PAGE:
The Delhi government has formed a four-member panel to look into deaths due to oxygen shortage during the second wave of the coronavirus pandemic, Deputy Chief Minister Manish Sisodia said on Friday.

Sisodia added that the committee of medical experts will begin functioning as soon as it is approved by Lieutenant Governor Anil Baijal.

“The committee will meet twice a week and look into each case to decide what the cause of a patient’s death was,” Sisodia said. “In case the cause of death was the shortage of oxygen, the government will give Rs 5 lakh as compensation to the patient’s family.”

Meanwhile, Delhi Chief Minister Arvind Kejriwal held a meeting with experts to discuss preparations for a possible third wave of Covid-19. He is scheduled to hold another meeting at 3 pm on Friday and address a press conference at 5 pm.

Delhi has been witnessing a decline in cases, but the government is adopting a cautious approach in easing curbs. The government has extended the lockdown till June 7, but allowed manufacturing and construction activities to resume from May 31.

On Thursday, the Capital recorded 487 new coronavirus cases, taking its total count of infections to 14,27,926 since the pandemic broke out in January 2020. Delhi’s toll rose to 24,447 as it recorded 45 deaths in the last day. The city’s positivity rate dropped to 0.61%.

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India struggled with a grave oxygen crisis in the second wave of the pandemic. The acute shortages of the life-saving gas and medicines forced families and friends of patients to plead for help on social media. Hospitals sent out SOS messages as their oxygen stocks ran dangerously low.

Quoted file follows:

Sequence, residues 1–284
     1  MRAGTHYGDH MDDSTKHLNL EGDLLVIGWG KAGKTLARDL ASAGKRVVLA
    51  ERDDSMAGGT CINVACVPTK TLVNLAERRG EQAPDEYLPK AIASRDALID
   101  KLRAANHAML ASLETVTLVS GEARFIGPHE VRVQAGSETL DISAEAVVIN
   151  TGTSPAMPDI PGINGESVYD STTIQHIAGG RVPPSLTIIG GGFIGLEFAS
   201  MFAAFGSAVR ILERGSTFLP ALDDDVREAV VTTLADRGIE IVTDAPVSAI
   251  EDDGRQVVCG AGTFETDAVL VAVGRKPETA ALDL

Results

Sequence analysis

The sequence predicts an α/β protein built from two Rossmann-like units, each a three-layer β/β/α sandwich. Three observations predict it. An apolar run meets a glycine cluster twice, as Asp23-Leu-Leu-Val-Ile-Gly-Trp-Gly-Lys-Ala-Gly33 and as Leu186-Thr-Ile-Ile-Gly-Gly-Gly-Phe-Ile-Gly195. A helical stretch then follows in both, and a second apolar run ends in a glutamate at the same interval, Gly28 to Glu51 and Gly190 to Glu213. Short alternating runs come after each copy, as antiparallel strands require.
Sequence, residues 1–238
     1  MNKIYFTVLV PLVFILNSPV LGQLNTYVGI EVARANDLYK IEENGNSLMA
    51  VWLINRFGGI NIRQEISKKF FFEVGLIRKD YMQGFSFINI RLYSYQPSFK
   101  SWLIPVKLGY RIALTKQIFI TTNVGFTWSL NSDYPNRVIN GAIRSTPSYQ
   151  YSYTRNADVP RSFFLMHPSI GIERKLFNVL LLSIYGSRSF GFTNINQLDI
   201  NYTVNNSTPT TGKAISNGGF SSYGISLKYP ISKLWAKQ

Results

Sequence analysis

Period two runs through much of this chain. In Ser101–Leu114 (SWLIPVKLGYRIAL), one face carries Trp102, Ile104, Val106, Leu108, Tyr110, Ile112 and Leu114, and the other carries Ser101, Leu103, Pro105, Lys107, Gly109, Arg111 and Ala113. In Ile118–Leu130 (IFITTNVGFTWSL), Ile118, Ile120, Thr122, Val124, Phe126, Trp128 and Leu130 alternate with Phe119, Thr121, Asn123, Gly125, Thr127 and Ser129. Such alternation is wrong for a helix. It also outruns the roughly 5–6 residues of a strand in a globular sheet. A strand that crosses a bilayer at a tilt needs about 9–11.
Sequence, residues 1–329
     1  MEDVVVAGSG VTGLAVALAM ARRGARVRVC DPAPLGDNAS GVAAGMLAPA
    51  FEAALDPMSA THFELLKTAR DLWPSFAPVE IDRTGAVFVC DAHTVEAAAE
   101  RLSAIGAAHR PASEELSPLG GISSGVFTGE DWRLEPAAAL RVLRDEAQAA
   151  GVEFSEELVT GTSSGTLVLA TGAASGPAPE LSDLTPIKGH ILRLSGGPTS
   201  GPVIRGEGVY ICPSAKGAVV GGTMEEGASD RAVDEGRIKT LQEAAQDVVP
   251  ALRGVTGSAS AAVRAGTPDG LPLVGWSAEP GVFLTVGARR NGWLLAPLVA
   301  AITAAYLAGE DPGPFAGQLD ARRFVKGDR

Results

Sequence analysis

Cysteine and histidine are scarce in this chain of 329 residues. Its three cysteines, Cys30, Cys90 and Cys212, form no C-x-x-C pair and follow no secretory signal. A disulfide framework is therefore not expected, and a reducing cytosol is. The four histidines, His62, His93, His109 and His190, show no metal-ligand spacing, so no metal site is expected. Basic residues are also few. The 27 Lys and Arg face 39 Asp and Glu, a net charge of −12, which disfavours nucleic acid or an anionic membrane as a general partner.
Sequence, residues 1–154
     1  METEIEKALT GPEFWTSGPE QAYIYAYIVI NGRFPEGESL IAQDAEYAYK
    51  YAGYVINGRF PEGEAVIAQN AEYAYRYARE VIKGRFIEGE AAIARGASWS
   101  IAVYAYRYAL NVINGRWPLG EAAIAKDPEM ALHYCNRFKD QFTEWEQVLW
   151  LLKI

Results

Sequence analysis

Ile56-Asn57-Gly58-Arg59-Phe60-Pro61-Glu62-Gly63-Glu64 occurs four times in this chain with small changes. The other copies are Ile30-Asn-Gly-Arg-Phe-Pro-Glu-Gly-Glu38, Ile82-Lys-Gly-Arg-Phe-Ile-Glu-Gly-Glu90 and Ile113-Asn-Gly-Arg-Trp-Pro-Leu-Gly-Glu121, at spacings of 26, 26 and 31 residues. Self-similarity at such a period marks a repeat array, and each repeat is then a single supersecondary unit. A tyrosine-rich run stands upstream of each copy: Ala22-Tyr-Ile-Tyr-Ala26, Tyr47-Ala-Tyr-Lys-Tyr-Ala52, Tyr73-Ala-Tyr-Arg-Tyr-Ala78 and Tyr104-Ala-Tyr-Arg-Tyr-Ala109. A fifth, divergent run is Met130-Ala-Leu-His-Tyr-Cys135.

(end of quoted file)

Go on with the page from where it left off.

The country’s oxygen crisis could have been partly diffused had India utilised the past year to create localised solutions in the form of small-scale oxygen generation plants within hospitals on a war footing.

It takes just four to six weeks to install a Pressure Swing Adsorption oxygen generator at a hospital, said industry players and government officials. The average cost comes to just Rs 1.25 crore, based on the Centre’s outlay of Rs 201 crore for 162 oxygen plants.

But an investigation by showed that the central government took eight months to float a tender, and six months later, PSA oxygen plants were operational in only five of the 60 hospitals we called. Hours after the report was published, the health ministry admitted only 33 of the 162 PSA oxygen plants it had commissioned had been installed.

HC issues notice to Delhi government, Centre

Meanwhile, the Delhi High Court on Friday issued notice to Kejriwal’s government and the Centre, seeking their response to a petition for a Central Bureau of Investigation into the deaths of 21 patients at the city’s Jaipur Golden Hospital in April , PTI reported.

The petition, filed by the families of the patients, alleged that the cause of their deaths was respiratory failure due to oxygen shortage and not co-morbidities as the Delhi government claimed in a report.

Justice Rekha Palli directed the Centre and the Delhi government to respond to the plea by August 20.